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Full List Of Washington's 2021 NFL Draft Picks 

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After months of speculation, the 2021 NFL Draft is finally here.

Washington has 10 selections, starting with the 19th overall pick. It also has picks in the second, fourth, fifth, sixth, two picks in the third and three in the seventh.

This is the second draft under head coach Ron Rivera, who will be working closely with the revamped front office of general manager Martin Mayhew and executive vice president of football/player personnel Marty Hurney to ensure Washington makes the most of the three-day event.

Below is a list of every Washington pick in the 2021 NFL Draft. You can also stay up to date on all Washington's draft news at

Round 1 (Pick 19)

LB Jamin Davis, Kentucky

With the 19th pick in the 2021 NFL Draft, the Washington Football Team bolstered its defense by selecting linebacker Jamin Davis.

A complete unknown in NFL circles a year ago, Davis could not be ignored as a redshirt junior this past season. The first-year starter led Kentucky with 102 tackles to go with four tackles for loss, three interceptions (one returned for a touchdown), two pass breakups, 1.5 sacks and a forced fumble.

But it was his physical traits that grabbed scouts' attention. At 6-foot-3 and 234 pounds, he has the size to be stout near the line of scrimmage. Then he ran a 4.47-second 40-yard dash at his Pro Day, showcasing the speed he will use to stay with pass-catchers and run down ball-carriers.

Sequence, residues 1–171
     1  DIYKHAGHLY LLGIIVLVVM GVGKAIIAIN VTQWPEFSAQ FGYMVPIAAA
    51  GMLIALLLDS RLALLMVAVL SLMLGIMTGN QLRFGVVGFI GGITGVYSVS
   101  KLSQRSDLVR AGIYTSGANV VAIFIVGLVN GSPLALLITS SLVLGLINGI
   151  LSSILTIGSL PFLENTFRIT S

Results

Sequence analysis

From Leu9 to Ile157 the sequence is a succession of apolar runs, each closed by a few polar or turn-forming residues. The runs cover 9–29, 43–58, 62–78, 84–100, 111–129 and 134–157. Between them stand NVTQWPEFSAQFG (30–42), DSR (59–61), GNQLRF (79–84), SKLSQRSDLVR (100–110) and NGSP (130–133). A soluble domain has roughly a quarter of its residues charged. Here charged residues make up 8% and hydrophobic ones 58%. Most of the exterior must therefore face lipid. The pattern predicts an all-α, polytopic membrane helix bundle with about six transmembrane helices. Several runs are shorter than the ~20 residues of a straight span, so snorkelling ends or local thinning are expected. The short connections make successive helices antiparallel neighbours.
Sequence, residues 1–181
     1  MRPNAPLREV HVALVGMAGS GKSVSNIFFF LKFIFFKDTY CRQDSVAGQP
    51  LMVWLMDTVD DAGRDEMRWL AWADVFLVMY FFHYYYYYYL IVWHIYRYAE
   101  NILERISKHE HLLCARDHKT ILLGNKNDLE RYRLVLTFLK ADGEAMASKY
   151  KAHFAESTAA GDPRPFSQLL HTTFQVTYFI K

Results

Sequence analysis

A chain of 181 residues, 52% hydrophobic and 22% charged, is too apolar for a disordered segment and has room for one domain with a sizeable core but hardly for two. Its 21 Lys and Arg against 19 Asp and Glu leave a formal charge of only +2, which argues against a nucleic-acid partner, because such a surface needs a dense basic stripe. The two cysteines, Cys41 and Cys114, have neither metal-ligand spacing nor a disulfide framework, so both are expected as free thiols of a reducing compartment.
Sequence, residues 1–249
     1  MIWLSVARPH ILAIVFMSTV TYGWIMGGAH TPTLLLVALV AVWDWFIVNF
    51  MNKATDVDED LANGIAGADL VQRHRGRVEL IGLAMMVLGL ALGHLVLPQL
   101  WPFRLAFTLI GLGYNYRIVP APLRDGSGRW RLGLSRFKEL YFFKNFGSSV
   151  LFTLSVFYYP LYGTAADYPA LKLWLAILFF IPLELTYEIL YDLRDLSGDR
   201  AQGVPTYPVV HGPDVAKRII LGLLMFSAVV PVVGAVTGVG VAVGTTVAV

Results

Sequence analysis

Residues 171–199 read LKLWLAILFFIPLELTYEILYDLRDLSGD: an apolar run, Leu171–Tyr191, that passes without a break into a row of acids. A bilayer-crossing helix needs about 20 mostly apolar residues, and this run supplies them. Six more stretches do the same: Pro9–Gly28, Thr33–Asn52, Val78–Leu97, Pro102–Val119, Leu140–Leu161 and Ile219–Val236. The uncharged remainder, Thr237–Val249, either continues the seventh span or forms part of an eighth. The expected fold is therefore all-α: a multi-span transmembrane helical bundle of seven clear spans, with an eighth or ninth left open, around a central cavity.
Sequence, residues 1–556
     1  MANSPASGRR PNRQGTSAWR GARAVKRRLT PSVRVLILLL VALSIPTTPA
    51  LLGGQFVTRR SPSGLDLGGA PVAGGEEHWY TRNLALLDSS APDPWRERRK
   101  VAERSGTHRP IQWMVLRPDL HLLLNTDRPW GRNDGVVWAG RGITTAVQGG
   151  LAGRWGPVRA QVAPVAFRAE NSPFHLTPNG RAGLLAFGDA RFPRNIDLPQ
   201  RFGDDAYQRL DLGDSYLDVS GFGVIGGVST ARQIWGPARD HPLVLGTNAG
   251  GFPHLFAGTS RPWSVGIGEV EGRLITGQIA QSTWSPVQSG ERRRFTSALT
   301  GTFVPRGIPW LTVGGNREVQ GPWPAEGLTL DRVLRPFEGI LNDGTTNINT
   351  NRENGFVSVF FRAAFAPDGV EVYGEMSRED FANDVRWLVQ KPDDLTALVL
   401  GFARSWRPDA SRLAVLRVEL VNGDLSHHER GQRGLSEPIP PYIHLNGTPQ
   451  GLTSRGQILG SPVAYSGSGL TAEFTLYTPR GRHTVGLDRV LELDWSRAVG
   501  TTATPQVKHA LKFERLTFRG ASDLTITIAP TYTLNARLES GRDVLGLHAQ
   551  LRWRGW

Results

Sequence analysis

Despite making just 11 career starts, Davis has shown the intelligence, vision and ball-hawking ability to have success for whichever team ends up drafting him. And while he needs to make some improvements as a tackler and work on getting off blocks, time and instruction will help both areas, especially since he's learning under a pair of former NFL linebackers in Rivera and defensive coordinator Jack Del Rio.

"He understands our culture, tremendous background, the kind of background I look for," Rivera said. "Very smart, intelligent young man, plays the game at the right tempo. He understands what they do and that will translate very well with how we do things. He's the kind of fit in terms of position flex. He can play all of our linebacker positions, he has the athletic ability. He's what you look for in a football player."

Round 2 (Pick 51)

OT Sam Cosmi, Texas

Washington addressed the offensive line by selecting Texas tackle Samuel Cosmi.

Cosmi (6-foot-6, 314 pounds) started 34 games at right and left tackle over the past three seasons. After redshirting in 2017, he was a freshman All-American at right tackle before moving to the other side for his final 21 collegiate starts. This past season, he was a captain and a second-team All-American.

"It's unbelievable, I really can't put it into any words besides amazing," Cosmi said after getting drafted. "My heart is still pumping right now. I'm super excited to be with the Washington Football Team right now and I am super stoked to get to work."

Washington was looking for a tackle, and it got one of the most athletic ones of the past three decades. He received a relative athletic score of 9.99 out of 10.00, which ranked second among 1,143 players at the position since 1987.

Based on his skillset, experience and production, he'll likely compete for the starting left tackle spot with Saahdiq Charles, Geron Christian Sr. and Cornelius Lucas.